Donald Trump
In terms of the political actors, you know, the polling that we have suggests that most Americans blame President Trump for the shutdown. Pixabay

The next part of that, though, involves the powers that the president can exercise under that law and there are obvious limitations on that, constitutional limitations and other limitations within the law that the president can’t violate. And unfortunately, or perhaps fortunately, we haven’t experienced serious questions about presidential power in this space. So it’s really left as an open question right now, in terms of the extent of presidential power that courts will need to sort out.

Q: Could Democrats block this in Congress? Is there any constitutional precedent for presidents simply going around Congress to fund a priority policy item?

So there is, within the law, the ability of Congress to stop a national emergency. It requires both houses of Congress to vote to say that the national emergency is over. Now democrats can certainly do that alone, in the House. They cannot, however, do it alone in the Senate, it would require several Republican votes.

However, this is the type of exercise of executive power that leaves a lot of Republicans uneasy. And you’re already starting to see those conversations among Senate Republicans, saying that if we’re all right with President Trump doing this over a border wall, would we also be all right with a Democratic president doing this over climate change or other issues?

And so I think it remains to be seen whether Congress will have the votes to stop presidential action in this area, whether they’ll have the political will to do it. But they certainly have the power to stop this type of behavior.

To the second part of your question, you know, presidents have tried to go around Congress in terms of spending money in the past or even moving money around within or across budget lines or accounts in the past.

And frequently presidents are stopped because the spending power in the constitution rests with the Congress and so this creates a real challenge for President Trump if he wants to start moving funds or re-appropriating funds or using funds that are not even appropriated, pushing up against that constitutional protection against that power. So he might have the power to declare a national emergency, but he cannot usurp the Constitution in the exercise of powers during that emergency.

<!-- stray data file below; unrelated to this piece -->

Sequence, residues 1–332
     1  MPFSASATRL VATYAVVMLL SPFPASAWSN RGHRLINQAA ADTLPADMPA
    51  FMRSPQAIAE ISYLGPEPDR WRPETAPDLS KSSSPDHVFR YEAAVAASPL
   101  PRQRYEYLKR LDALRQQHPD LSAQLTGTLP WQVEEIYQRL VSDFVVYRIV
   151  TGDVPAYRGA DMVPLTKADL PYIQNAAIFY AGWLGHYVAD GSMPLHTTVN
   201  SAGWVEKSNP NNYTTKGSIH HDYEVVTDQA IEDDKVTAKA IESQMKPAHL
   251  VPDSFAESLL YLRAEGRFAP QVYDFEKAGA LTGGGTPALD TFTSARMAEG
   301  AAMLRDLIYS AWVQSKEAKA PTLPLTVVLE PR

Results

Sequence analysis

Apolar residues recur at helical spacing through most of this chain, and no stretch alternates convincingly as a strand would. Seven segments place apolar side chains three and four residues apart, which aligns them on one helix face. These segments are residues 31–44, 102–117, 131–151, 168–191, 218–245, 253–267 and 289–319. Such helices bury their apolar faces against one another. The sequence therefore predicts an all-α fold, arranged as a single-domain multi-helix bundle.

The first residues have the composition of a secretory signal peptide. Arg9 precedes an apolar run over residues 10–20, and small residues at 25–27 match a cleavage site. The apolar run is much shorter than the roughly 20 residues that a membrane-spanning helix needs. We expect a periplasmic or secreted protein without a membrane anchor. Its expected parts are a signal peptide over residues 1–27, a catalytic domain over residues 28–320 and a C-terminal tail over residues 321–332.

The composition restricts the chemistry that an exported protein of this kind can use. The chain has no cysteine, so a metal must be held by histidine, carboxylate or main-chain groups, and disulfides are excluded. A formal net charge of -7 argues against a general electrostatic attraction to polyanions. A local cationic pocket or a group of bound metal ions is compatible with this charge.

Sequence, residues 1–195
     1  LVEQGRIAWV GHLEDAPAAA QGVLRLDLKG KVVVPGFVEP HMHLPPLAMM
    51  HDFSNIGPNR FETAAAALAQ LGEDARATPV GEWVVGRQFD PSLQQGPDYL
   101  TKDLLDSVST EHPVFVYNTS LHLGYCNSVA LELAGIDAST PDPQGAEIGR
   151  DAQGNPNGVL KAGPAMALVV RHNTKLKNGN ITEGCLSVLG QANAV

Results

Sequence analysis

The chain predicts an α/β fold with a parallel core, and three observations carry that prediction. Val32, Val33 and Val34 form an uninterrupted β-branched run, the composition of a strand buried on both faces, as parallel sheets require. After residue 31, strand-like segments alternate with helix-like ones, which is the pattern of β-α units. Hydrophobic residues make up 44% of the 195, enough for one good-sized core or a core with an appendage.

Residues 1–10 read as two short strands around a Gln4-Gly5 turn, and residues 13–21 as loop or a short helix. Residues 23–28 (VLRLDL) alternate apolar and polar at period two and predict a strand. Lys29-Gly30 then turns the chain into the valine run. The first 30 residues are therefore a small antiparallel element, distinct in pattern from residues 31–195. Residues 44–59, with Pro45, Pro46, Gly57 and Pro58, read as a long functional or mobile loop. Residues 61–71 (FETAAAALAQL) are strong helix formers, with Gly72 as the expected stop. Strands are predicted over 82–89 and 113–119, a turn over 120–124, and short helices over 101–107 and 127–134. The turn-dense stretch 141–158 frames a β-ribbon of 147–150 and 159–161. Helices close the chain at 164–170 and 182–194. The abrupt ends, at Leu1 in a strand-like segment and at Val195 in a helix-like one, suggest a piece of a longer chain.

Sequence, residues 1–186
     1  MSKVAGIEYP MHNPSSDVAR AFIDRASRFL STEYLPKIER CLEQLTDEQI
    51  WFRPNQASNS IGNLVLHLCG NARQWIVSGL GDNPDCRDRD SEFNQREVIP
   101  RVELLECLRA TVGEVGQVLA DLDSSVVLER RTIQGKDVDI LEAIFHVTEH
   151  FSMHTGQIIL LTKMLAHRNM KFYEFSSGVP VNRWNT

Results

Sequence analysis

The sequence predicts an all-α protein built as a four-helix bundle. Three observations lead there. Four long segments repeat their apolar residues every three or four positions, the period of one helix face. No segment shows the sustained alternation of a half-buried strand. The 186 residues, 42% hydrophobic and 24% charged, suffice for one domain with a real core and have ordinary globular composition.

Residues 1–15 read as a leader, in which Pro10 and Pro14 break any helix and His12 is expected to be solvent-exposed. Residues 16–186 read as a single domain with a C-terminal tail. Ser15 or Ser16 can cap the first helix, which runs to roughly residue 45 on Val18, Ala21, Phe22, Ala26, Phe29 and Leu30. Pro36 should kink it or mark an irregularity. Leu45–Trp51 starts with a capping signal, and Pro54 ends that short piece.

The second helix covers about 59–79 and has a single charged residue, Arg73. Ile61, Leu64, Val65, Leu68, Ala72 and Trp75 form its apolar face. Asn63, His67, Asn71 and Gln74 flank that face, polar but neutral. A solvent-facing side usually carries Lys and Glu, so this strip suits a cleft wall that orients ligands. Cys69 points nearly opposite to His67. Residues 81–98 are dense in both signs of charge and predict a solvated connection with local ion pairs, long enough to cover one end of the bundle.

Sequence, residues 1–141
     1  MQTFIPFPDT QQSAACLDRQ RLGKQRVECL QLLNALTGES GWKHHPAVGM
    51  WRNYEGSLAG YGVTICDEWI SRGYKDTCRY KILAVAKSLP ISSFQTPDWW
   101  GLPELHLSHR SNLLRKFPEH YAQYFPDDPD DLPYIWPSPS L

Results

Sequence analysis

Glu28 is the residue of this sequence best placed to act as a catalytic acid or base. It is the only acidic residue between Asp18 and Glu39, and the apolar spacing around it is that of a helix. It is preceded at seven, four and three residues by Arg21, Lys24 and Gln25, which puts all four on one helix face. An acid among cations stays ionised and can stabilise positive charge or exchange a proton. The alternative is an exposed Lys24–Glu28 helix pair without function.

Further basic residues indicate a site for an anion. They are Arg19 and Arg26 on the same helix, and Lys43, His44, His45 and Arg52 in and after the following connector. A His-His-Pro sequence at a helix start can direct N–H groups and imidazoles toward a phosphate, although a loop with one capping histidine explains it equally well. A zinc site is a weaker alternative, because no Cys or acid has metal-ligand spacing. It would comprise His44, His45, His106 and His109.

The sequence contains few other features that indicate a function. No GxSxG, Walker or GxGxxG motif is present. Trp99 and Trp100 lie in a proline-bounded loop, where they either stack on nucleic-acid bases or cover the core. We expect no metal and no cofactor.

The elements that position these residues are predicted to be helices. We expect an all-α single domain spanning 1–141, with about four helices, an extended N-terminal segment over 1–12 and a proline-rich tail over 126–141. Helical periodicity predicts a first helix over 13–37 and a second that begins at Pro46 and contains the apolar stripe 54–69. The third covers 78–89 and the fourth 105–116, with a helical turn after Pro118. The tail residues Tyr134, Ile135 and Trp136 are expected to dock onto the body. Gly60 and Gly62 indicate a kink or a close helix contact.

The entrance to the Smithsonian's National Gallery of Art is padlocked as a partial government shutdown continues, in Washington, U.S., Jan. 7, 2019.
The entrance to the Smithsonian’s National Gallery of Art is padlocked as a partial government shutdown continues, in Washington, U.S., Jan. 7, 2019. VOA

Q: On the politics of the current shutdown, is one side or the other winning? Which sides appears to have an advantage at the moment? How does it end?

Well it’s clear one side is losing and that’s the American public, and particularly the hundreds of thousands of federal workers who are not being paid or who are not going to work. In terms of the political actors, you know, the polling that we have suggests that most Americans blame President Trump for the shutdown.

Also Read: Is 2020 U.S. Presidential Election Going To Be The Costliest In History?

A smaller percentage of Americans blame congressional Democrats and smaller still blame congressional Republicans. I think a lot of Americans look at this skeptically and say, “What has changed between the beginning of the president’s term and now that makes this such a dire emergency?” And I think it leaves a lot of Americans scratching their head. President Trump is playing to his base here, but unfortunately his base is a small percentage of the population. And most of the rest of the population is not with him on this issue of the wall. (VOA)